Iraq is in a state of disarray at the moment – possibly worse than it has ever been before. A group called ISIS — the Islamic State of Iraq and Syria — has seized control over large parts of both countries, including the cities of Mosul, Tikrit and Fallujah, and has declared a “caliphate” in an area between the cities of Diyala in Iraq and Aleppo in Syria. American troops are arriving in Baghdad to intervene should the group attempt to seize the capital. The map below shows which areas are currently under ISIS’s control, in dark red, while light red represents areas where the group is active (source).

isis mapIt’s a group that’s as mysterious as it is frightening — ISIS is so radically violent that it was disowned by al-Qaeda, and more than 2,000 people have been killed or injured since it first invaded Iraq in early June. It is funded primarily through extortion and oil — we think. It is only growing stronger, with a steady influx of money and arms, and members as young as ten years old signing up. Its supporters told Argentinian footballer Lionel Messi he should “join the jihadist call” because he scored a goal against Iran in the World Cup. It can’t even keep its name straight — since the caliphate was declared, it’s begun referring to itself as the Islamic State of Iraq and the Levant (ISIL), even as many news outlets are still referring to it as ISIS.For all that, not many people seem to know or understand what ISIS/ISIL actually is; when you go to search for it, Google suggests two unrelated ISISes first:ISIS googleIt makes sense; what’s happening is very complicated and unprecedented. It’s all pretty scary, and more than a little confusing. So here’s a (somewhat) simplified version of the ISIS Crisis.-

What Is ISIS, Really?

ISIS/L (we’ve referred to them as “ISIS” throughout, for clarity) is a jihadist militant group whose goal is to establish a fully Sunni Islamic state in the Middle East, as they claim to have done in recent days with the declaration of the Iraq/Syria “caliphate”. A caliphate is a state led by a successor (“caliph”) to the Prophet Muhammad, and ISIS sees its leader, Abu Bakr al-Baghdadi, as the caliph of its new region.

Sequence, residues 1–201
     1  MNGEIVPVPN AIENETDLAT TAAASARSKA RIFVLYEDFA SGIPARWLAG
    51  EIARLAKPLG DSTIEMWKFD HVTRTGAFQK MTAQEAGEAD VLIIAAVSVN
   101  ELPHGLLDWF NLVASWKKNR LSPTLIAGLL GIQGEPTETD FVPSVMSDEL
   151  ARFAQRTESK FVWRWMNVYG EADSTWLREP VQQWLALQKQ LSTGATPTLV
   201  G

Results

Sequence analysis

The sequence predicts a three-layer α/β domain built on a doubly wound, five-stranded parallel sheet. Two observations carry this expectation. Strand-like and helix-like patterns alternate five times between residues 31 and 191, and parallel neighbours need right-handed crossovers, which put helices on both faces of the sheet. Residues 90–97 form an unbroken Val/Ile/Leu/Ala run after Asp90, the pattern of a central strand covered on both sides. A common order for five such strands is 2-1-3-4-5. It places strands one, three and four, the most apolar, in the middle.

Sunni Muslims make up most of the population in the Middle East – as much as 90 percent – but only constitute a minority in present-day Iraq. Theologically, Sunni and Shia Muslims differ mostly in their beliefs about who took over after Muhammad died, but today the conflict has more to do with politics than anything. ISIS wants its own entirely Sunni state based on its interpretation of Sharia law, where all laws would be based on the Qur’an.

ISIS was originally an Iraqi affiliate of al-Qaeda, but after violence escalated in their ongoing conflict with al-Qaeda’s Syrian and Lebanese arm, the al-Nusra Front, al-Qaeda leader Ayman al-Zawahiri had had enough, and disowned ISIS in February of this year. Since then ISIS has gone it alone in its efforts to topple the government of Iraqi Prime Minister Nouri al-Maliki, who has ruled since 2006.

ISIS has a huge social media presence, with multiple Facebook, Twitter, YouTube and Instagram accounts, and not long ago a mysterious Twitter account began leaking information about ISIS’s plans via the Twitter account @wikibaghdady. The tweets are all in Arabic but you can see some translations here. How legit this account is remains to be seen.

Leaks aside, ISIS members have been known to be prolific and slippery on social media, reportedly switching and creating accounts in order to circulate their message. They are also surprisingly good social media strategists, creating a Google Play app called ‘Dawn of Glad Tidings’ and postings pictures of cute kittens with Kalashnikovs.
With assets worth over $2 billion, ISIS may be the wealthiest jihadist group in the world — which makes you wonder where they get their money from. Reports differ on ISIS’s funding; some say they stole a heap of it, others say it exports oil and sells electricity, while others still say it has received donations from nearby Gulf states, including Saudi Arabia. It could be all — or none — of the above.